Novel Forest Research Initiative

 

I am developing a quantitative framework to understand how novel forests will arise from the ashes of current systems

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Forests are likely to experience increased stress, as environmental change accelerates and disturbance regimes change in the 21st century. Novel climate and disturbance could initiate non-linear feedback loops that accelerate or dampen ecological change in forests and fundamentally reshape how forests are structured and function. Trees are already beginning to shift their geographic distributions in response to changing climate and disturbance and each species will respond individually based on functional traits and biotic interactions. Thus, tree-species assemblages will appear that may never have previously co-occurred. Forest ecologists increasingly study where and why today’s forests are vulnerable to change but there is substantially less emphasis on how novel forests of tomorrow will arise, as the resilience of current systems erodes. This project addresses three questions focusing on boreal forest of interior Alaska: 

Question 1 (Reorganization and feedbacks): How will novel tree species assemblages form during the 21st century, and how do feedbacks develop that accelerate or dampen ecological change?

Question 2 (Sustainable forest management): Under what conditions are management objectives successfully met in reorganizing forests and what is the relative importance of ecological context, manager characteristics, and institutional configuration?

Question 3 (Scaling consequences): How do changes in regional climate regulation emerge from local social-ecological interactions in reorganizing forest systems, and what are the key mechanisms that determine broadscale outcomes?

Origin mechanisms of forest resilience

I use computer simulations and large-scale field experiments to identify the key climate and fire drivers drivers of subalpine tree regeneration. 

    The resilience of forests may erode in the 21st century causing them to transition to alternate states as temperature warms and natural disturbances increase in frequency and severity. There is tremendous interest in determining how and why regional forests may change because of the consequences for carbon storage, climate regulation, biodiversity, and provision of ecosystem services. However, changes in regional forests will likely emerge from aggregate effects of drivers acting on local processes, such as reproduction, seedling establishment, tree growth, and mortality. Thus, research identifying and characterizing fine-scale mechanisms underpinning regional forest responses to changing climate and disturbance is essential.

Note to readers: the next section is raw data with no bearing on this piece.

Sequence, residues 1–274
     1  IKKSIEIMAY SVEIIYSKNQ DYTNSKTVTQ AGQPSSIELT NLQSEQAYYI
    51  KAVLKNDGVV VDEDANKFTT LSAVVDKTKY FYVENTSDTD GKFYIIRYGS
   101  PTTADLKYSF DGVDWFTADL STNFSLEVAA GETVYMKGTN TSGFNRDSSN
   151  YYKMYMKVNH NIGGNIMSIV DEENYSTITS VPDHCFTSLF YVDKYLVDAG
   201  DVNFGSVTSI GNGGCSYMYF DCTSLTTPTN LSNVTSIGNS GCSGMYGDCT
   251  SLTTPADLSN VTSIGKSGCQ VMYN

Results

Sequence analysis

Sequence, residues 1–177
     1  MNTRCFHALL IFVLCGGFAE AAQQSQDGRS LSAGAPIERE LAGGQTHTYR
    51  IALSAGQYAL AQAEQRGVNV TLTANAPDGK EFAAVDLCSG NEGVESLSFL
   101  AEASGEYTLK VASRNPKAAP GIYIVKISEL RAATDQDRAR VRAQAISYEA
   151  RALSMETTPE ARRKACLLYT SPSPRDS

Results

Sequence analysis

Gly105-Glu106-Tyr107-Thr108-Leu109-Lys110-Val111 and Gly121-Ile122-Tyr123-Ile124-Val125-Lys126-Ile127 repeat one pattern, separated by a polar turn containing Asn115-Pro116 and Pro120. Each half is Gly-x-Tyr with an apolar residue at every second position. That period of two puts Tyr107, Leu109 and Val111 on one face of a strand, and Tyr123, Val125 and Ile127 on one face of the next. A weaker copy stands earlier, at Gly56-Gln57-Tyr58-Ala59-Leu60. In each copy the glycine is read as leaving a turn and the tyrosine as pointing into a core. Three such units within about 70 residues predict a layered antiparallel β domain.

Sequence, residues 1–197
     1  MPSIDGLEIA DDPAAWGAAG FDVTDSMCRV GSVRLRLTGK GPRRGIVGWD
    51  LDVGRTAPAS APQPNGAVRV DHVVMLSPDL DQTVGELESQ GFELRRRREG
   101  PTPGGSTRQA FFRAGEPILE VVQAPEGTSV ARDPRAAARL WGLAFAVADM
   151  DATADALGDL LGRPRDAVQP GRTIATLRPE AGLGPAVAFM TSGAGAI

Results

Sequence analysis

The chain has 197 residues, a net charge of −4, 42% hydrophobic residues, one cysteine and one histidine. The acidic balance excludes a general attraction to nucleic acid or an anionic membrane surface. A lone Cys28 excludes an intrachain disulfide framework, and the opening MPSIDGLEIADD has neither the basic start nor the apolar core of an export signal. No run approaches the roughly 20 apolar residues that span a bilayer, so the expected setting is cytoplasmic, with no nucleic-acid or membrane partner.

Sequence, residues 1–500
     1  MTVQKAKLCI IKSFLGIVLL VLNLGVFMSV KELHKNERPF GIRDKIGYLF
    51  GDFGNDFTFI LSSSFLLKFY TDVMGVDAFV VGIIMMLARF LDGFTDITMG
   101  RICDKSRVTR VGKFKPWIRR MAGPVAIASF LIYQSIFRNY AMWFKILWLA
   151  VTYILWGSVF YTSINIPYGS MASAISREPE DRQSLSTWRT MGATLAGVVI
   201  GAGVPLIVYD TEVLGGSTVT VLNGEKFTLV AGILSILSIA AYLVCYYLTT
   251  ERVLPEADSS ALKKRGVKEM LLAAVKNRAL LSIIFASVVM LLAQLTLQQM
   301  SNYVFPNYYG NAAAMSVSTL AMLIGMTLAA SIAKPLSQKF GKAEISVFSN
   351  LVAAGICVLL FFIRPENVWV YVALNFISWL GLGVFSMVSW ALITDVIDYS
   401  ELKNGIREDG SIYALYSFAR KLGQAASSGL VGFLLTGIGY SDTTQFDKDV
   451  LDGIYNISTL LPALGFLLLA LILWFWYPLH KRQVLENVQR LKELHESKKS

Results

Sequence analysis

Transition to an alternate state requires an origin mechanism   ̶  an ecosystem process, that when acted on by external drivers (e.g., changing climate or fire regimes), is capable of producing fundamental change in the system. Tree-seedling establishment following stand replacing fires could be an important origin mechanism in conifer forests of western North America because the process is key to postfire resilience of subalpine and boreal forests, shaping stand structure and composition for decades. Robust postfire tree regeneration requires sufficient seed supply and delivery. Fire activity is projected to increase globally and seedling densities may be reduced if burned patch sizes exceed effective dispersal distances or if multiple fires reoccur before trees reach reproductive maturity. When seed is available, changing climate can also shape regeneration outcomes because tree seedlings are very sensitive to environmental conditions. Warming could reduce establishment if severe droughts follow fires.